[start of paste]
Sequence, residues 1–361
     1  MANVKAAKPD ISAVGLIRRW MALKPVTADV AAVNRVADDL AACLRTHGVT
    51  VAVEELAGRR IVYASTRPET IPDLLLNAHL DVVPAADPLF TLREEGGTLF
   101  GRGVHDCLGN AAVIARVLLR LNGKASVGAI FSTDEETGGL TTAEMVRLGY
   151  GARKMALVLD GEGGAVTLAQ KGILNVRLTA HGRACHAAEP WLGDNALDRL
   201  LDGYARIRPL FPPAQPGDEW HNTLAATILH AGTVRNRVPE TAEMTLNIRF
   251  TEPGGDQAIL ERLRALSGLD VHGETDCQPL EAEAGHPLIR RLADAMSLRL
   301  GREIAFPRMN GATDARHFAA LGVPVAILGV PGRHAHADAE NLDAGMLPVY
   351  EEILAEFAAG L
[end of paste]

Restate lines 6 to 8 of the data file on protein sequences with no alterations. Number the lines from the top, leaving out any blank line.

   201  LDGYARIRPL FPPAQPGDEW HNTLAATILH AGTVRNRVPE TAEMTLNIRF
   251  TEPGGDQAIL ERLRALSGLD VHGETDCQPL EAEAGHPLIR RLADAMSLRL
   301  GREIAFPRMN GATDARHFAA LGVPVAILGV PGRHAHADAE NLDAGMLPVY